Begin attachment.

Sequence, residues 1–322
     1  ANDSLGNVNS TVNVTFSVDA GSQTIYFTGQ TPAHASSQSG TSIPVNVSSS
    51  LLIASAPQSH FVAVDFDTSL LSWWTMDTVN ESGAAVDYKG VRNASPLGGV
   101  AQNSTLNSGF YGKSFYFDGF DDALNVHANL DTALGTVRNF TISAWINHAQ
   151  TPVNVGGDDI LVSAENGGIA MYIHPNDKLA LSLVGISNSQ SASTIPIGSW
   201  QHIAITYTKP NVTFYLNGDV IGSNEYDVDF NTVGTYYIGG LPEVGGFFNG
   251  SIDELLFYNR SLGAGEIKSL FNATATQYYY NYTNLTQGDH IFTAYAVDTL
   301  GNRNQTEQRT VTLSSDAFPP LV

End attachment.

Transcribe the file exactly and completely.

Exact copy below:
Sequence, residues 1–322
     1  ANDSLGNVNS TVNVTFSVDA GSQTIYFTGQ TPAHASSQSG TSIPVNVSSS
    51  LLIASAPQSH FVAVDFDTSL LSWWTMDTVN ESGAAVDYKG VRNASPLGGV
   101  AQNSTLNSGF YGKSFYFDGF DDALNVHANL DTALGTVRNF TISAWINHAQ
   151  TPVNVGGDDI LVSAENGGIA MYIHPNDKLA LSLVGISNSQ SASTIPIGSW
   201  QHIAITYTKP NVTFYLNGDV IGSNEYDVDF NTVGTYYIGG LPEVGGFFNG
   251  SIDELLFYNR SLGAGEIKSL FNATATQYYY NYTNLTQGDH IFTAYAVDTL
   301  GNRNQTEQRT VTLSSDAFPP LV